Shares of ADNOC Distribution rose as high as AED 2.90 per share from 2.50 at initial bid the first day the company was listed on the Abu Dhabi Securities Exchange (ADX), and later dropped to 2.75.
Bloomberg said ADNOC raised $851 million from the sale of 1.25 billion shares.
Sultan Ahmed Al Jaber, chief executive officer at ADNOC had announced a share sale for its retail fuel stations unit at the Abu Dhabi Petroleum Exhibition & Conference (ADIPEC).
“We will go at least 10 per cent of the shares we plan to float on the ADX market,” said Al Jaber. “But we’re not seeking a valuation.”
Bloomberg said that when the company initially set a guidance for its fuel-distribution IPO between 2.35 dirhams to 2.95 dirhams per share, it implied a valuation of just above $10 billion, but at $2.50, the valuation was $8.5bn, and sold just 10 per cent in this IPO.
About 90% of Adnoc Distribution shares were bought by qualified investors, while close to 10 percent were sold to individuals, according to to ADX CEO Rashed Al Baloushi, who said a total of 12,000 investors from 73 countries participated in the IPO’s subscription.
“The offering was multiple times oversubscribed on the qualified investor tranche at a price of AED 2.50 per share. The retail or individual investor tranche of the offering was oversubscribed by 22 times on the original retail tranche size,” he said.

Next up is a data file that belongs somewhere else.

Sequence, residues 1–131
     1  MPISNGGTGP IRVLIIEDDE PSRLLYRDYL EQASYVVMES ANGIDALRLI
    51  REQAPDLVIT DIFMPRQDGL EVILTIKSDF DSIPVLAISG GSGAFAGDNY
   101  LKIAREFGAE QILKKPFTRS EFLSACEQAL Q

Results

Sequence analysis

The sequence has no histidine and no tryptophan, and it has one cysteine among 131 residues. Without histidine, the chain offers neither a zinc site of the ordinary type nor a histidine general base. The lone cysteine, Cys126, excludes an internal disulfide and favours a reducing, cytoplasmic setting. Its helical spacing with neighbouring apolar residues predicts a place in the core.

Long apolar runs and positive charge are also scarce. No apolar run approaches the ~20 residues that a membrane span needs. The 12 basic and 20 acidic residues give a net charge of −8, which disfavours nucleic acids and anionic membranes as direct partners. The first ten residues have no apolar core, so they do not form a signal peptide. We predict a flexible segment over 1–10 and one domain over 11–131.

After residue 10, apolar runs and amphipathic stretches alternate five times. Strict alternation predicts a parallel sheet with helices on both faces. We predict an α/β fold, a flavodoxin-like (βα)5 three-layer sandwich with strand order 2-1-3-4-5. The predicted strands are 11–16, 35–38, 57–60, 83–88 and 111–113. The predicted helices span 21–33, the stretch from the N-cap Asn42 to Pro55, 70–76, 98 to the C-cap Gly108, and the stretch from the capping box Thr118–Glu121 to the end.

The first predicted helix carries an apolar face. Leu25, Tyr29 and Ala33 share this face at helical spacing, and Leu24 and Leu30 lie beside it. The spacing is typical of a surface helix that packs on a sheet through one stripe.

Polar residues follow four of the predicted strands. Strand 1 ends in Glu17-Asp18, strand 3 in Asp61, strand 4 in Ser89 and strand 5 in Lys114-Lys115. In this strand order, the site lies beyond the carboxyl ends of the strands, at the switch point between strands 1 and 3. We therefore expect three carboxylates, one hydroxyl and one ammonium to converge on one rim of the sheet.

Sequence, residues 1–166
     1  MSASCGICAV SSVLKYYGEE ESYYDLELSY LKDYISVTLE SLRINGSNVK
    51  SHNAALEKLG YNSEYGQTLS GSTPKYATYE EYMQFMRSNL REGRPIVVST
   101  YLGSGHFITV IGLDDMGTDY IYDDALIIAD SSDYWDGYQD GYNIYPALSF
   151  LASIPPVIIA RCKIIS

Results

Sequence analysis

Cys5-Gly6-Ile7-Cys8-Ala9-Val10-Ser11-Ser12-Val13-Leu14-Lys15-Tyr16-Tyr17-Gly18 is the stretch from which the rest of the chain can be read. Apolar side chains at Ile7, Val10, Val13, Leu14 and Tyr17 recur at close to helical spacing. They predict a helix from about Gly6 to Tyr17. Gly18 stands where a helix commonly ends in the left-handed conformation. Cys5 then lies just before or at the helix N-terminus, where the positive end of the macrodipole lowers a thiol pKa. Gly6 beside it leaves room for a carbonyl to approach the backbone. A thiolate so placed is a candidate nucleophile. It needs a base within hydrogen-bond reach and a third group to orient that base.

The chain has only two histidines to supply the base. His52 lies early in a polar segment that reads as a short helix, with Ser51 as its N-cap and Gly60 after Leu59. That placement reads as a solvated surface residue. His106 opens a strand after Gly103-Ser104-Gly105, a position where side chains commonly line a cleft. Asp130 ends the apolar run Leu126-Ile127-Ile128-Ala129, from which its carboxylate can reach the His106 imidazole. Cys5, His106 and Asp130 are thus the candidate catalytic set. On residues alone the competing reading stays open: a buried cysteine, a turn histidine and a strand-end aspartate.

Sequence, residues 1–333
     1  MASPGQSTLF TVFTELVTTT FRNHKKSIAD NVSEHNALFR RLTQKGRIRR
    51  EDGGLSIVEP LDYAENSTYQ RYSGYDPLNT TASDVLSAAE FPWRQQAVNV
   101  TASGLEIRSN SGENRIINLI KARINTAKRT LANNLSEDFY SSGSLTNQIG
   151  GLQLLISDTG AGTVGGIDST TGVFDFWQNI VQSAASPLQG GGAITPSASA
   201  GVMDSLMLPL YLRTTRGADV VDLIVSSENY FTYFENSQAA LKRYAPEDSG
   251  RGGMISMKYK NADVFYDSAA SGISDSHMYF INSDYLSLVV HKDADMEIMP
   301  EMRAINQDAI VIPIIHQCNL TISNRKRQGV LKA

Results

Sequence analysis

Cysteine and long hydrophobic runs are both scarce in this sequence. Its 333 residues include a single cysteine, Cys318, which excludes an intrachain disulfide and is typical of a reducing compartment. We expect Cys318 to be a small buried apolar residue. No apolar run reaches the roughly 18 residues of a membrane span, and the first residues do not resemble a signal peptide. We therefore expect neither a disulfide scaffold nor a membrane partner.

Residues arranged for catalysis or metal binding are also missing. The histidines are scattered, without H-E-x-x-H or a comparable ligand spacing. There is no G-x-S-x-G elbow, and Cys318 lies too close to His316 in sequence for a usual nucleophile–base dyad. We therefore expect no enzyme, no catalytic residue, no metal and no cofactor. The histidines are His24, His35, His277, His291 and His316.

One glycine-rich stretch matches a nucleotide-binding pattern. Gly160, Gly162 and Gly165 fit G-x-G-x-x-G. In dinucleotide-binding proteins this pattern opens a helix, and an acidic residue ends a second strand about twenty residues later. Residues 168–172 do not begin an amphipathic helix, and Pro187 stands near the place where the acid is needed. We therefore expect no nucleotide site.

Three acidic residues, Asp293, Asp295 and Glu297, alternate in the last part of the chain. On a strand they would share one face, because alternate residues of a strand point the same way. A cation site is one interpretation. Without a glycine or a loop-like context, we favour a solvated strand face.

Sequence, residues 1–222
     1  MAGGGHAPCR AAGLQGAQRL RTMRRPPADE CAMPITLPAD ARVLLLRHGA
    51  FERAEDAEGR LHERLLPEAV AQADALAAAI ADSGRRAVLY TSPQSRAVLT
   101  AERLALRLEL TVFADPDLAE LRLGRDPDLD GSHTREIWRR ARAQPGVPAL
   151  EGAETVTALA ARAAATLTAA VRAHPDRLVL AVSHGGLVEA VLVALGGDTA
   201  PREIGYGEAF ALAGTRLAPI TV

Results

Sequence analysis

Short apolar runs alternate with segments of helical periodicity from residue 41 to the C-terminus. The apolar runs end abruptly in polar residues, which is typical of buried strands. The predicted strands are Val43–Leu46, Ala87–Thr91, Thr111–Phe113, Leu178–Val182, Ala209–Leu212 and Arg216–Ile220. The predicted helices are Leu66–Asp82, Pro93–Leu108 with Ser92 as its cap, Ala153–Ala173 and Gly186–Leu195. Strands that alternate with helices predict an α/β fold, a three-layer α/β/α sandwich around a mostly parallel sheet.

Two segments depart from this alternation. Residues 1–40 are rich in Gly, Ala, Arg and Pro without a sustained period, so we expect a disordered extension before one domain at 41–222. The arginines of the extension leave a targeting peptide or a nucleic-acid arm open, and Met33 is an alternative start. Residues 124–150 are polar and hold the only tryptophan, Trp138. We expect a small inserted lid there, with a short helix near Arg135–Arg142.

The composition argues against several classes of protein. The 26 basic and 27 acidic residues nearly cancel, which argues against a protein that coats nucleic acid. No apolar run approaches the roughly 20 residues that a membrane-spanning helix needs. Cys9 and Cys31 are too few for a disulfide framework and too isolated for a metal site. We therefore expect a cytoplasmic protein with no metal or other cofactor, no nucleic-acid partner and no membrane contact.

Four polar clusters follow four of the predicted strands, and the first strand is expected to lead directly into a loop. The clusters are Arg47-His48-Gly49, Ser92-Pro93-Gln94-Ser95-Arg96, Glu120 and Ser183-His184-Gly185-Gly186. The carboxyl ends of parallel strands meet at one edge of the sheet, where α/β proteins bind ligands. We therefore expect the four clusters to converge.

“Owing to this exceptional level of oversubscription, it was decided to increase the retail tranche size to 10 percent of the offering, allowing retail investors to further participate in this unique opportunity,” he added.
Focus on oil
Oil is gaining again as supply cuts run to end 2018. Prices resumed its advance toward $58 and could hit $60 by year end for Brent.
The Adnoc IPO will be followed Aramco’s 2018 5% share sale of the $2trn company, though sector analysts Sanford C. Bernstein & Co. Placed it at $1trn-1.5trn, whereas Tudor Pickering Holt & Co LLC, said it was closer to $1.1trn.
Regardless, the wait for Aramco’s IPO might benefit the oil giant as for one thing, oil is getting pricier, thus will return more for investors in it.
Reuters reported the Saudi energy ministry as saying Tuesday that it would announce increases in domestic prices of gasoline, jet fuel and diesel in the first quarter of 2018.
Saudi Electricity Company (SEC) announced higher power tariffs for residential users from Jan. 1.
“But the company said it would pay the government a fee equivalent to the rise in tariffs, so there should be no positive impact on its profit,” said Reuters.
Slot this as creative subsidizing. Subsidise the sector but make it more expensive on paper so as to make the commodity (Diezel fuel) more appealing to investors.
Emaar IPO update
Accordinto Reuters, Emaar said it would pay a special dividend of$1.1bn related to its listing of Emaar Development: $0.82bn in January and $0.28bn following its annual general assembly in April 2018.
“That works out to a dividend of 0.56 dirham a share. The market had originally expected Emaar to distribute about 1 dirham per share, and expectations had then been revised to around 0.67 dirham based on the assumption that the entire proceeds of the 20 percent listing would be paid,” said Reuters.